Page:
What are typhoid and paratyphoid?
Typhoid fever is an infection caused by the bacterium (germ) Salmonella typhi. This can cause a serious illness which can be fatal if not treated rapidly with antibiotics. Paratyphoid is an infection which is similar but has milder symptoms. This is caused by the bacterium Salmonella paratyphi. (These bacteria are shortened to S. typhi and S. paratyphi for the remainder of this leaflet.)
Where are typhoid and paratyphoid most commonly found?
These bacteria are found most commonly in situations where good standards of hygiene are not maintained or cannot be maintained because of the lack of clean running water. According to the World Health Organization (WHO), typhoid and paratyphoid are now most commonly found in South East Asia and sub-Saharan Africa.
The most common infections in the UK have been among people who have visited friends and family in India, Pakistan and Bangladesh. Each year there are about 500 cases of typhoid in the UK in people returning from these areas. About half of these are in London.
How do you get these infections?
You get these infections by eating or drinking contaminated food or water. These bacteria are passed out in the faeces (stools) and urine of infected individuals. They can get into food and water because people who handle food (such as cooks or restaurant workers) do not know that they are infected. This is because they may have no symptoms or signs of the infection. Typhoid and paratyphoid are not passed on by animals. Humans are the only carriers of theses infections.
How do typhoid and paratyphoid make you ill?
The bacteria get into your body through the gut. They sit in your immune system (glands and lymph vessels) and multiply. They then enter the bloodstream and this is when most people experience symptoms of headache and fever. Through the bloodstream they enter the liver, spleen, gallbladder and bone marrow. Because bile from the gallbladder is normally squirted into the gut, the bowels then get infected again.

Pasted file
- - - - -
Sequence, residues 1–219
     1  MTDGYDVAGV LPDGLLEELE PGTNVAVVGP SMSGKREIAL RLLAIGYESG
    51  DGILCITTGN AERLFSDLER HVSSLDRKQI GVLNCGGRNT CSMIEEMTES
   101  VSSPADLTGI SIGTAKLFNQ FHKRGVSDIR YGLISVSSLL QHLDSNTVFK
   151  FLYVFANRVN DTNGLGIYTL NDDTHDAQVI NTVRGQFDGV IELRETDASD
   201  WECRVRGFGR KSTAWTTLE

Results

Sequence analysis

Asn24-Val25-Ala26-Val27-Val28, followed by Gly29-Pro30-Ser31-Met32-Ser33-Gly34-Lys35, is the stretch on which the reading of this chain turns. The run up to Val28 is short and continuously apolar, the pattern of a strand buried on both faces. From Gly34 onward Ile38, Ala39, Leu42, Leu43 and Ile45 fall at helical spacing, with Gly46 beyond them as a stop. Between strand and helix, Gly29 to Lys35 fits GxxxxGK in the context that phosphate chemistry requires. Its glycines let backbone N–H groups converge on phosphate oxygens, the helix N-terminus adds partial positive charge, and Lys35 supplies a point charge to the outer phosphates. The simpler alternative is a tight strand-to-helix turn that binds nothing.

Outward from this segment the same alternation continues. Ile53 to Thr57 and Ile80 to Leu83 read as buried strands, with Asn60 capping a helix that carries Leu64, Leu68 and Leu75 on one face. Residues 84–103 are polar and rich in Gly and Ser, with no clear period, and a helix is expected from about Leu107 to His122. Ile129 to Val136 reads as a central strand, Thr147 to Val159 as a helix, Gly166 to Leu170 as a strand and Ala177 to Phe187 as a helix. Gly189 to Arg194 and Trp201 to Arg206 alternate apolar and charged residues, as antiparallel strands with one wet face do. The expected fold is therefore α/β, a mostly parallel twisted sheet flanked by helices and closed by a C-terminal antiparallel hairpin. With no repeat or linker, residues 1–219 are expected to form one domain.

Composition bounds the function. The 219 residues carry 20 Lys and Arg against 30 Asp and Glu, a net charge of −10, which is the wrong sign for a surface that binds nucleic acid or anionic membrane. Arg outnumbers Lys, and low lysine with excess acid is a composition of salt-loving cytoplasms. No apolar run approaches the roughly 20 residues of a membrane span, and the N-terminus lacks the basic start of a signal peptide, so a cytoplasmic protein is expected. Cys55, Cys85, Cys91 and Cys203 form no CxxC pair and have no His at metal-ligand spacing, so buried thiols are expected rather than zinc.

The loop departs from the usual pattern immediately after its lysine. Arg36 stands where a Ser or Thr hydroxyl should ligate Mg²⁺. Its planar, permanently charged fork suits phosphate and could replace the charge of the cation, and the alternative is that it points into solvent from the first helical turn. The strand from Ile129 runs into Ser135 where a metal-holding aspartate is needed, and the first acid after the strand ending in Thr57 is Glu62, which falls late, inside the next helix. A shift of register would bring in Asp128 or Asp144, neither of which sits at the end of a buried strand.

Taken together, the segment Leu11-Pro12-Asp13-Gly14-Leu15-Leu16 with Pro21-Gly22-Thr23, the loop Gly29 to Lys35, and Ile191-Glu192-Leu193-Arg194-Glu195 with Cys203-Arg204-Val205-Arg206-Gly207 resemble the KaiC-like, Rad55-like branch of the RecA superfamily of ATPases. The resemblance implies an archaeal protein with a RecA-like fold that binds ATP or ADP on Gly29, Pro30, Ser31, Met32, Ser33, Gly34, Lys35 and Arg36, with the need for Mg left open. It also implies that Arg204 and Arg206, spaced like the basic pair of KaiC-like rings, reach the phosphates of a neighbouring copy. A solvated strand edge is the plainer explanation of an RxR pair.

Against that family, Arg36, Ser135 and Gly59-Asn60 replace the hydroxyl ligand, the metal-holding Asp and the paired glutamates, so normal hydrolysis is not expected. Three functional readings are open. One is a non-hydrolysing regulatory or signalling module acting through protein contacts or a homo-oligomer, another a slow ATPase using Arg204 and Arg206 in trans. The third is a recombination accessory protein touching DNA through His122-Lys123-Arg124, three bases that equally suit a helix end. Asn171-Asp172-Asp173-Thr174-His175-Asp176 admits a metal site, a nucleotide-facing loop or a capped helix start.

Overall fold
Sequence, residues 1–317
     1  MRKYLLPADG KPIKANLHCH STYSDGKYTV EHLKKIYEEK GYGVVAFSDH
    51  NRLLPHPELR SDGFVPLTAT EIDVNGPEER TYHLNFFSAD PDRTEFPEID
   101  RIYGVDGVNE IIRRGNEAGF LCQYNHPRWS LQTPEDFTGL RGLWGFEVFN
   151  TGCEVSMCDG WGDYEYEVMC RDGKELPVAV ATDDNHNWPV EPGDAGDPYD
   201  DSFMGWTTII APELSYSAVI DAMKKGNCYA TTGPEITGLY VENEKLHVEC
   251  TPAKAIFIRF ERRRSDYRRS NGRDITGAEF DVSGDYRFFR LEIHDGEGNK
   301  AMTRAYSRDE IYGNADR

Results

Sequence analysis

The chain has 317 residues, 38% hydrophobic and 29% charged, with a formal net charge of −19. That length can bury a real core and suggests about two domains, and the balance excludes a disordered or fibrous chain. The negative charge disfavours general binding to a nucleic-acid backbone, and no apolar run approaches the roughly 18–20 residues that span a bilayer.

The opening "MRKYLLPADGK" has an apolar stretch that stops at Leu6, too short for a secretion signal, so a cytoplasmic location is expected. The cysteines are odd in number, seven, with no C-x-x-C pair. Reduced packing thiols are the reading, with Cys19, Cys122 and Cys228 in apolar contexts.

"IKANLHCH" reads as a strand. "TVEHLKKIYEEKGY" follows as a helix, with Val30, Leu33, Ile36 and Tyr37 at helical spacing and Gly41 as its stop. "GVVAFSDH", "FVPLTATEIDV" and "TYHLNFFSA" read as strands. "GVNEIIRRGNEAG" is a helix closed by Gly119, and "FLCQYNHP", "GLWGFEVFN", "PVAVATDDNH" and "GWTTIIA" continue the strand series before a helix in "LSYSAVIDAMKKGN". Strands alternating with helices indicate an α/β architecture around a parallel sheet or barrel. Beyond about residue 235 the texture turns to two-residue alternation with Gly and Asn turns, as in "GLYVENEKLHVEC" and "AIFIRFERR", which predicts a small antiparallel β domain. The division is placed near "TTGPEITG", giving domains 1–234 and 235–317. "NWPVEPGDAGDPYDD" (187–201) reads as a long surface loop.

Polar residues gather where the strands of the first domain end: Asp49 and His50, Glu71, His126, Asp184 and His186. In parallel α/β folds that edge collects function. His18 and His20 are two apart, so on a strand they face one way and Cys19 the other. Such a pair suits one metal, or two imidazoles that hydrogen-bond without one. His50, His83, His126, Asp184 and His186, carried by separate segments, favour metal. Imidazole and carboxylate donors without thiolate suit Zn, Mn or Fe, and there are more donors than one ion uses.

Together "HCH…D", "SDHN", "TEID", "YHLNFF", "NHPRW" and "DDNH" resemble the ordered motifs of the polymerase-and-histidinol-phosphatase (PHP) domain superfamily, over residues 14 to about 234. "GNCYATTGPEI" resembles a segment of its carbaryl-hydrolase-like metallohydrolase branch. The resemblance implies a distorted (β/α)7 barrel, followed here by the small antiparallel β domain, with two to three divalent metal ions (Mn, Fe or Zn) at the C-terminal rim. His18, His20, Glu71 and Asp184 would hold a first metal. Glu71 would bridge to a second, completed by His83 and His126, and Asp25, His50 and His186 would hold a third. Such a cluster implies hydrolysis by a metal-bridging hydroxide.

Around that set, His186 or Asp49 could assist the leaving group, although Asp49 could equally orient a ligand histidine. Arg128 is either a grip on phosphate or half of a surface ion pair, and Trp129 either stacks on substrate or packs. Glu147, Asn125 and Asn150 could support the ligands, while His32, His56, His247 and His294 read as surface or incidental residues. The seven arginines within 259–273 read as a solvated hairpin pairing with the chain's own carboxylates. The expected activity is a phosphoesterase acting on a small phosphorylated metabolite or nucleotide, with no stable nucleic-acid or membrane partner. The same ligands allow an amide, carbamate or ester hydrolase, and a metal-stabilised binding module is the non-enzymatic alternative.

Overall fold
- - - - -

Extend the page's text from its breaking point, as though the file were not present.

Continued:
Symptoms of typhoid and paratyphoid
The incubation period (the time between getting the bacteria inside you, until the time you actually start to feel ill) depends on how much of the bacteria you have swallowed. It is usually between 7-14 days, but can be as short as three days, or as long as 30 days.
The illness usually lasts for three weeks, but may be longer in a small number of cases.
Symptoms vary from mild to severe and life-threatening.
About 1 in 300 people infected with typhoid may have a low-grade infection. They may not develop any significant symptoms, and then become carriers of the disease.
- Fever and headache are the most common symptoms. Typically, the temperature increases gradually day by day during the first week. People usually experience raised temperature mostly in the evenings.
- Rash (rose-coloured spots which lose their colour with pressure).
- Stomach pains.
- Loss of appetite.
- Diarrhoea – more common in children.
- Severe constipation – more common in adults.
- Nausea (feeling sick).
When to seek medical advice
Be aware if you or your child have travelled to an area known to have a high risk of typhoid infections, or have been in a situation where hygiene has been poor. If you experience headache, fever, tummy pains, cough or diarrhoea you should seek medical advice. This is even if you have been vaccinated against typhoid, as this does not guarantee 100% protection.
How are typhoid and paratyphoid diagnosed?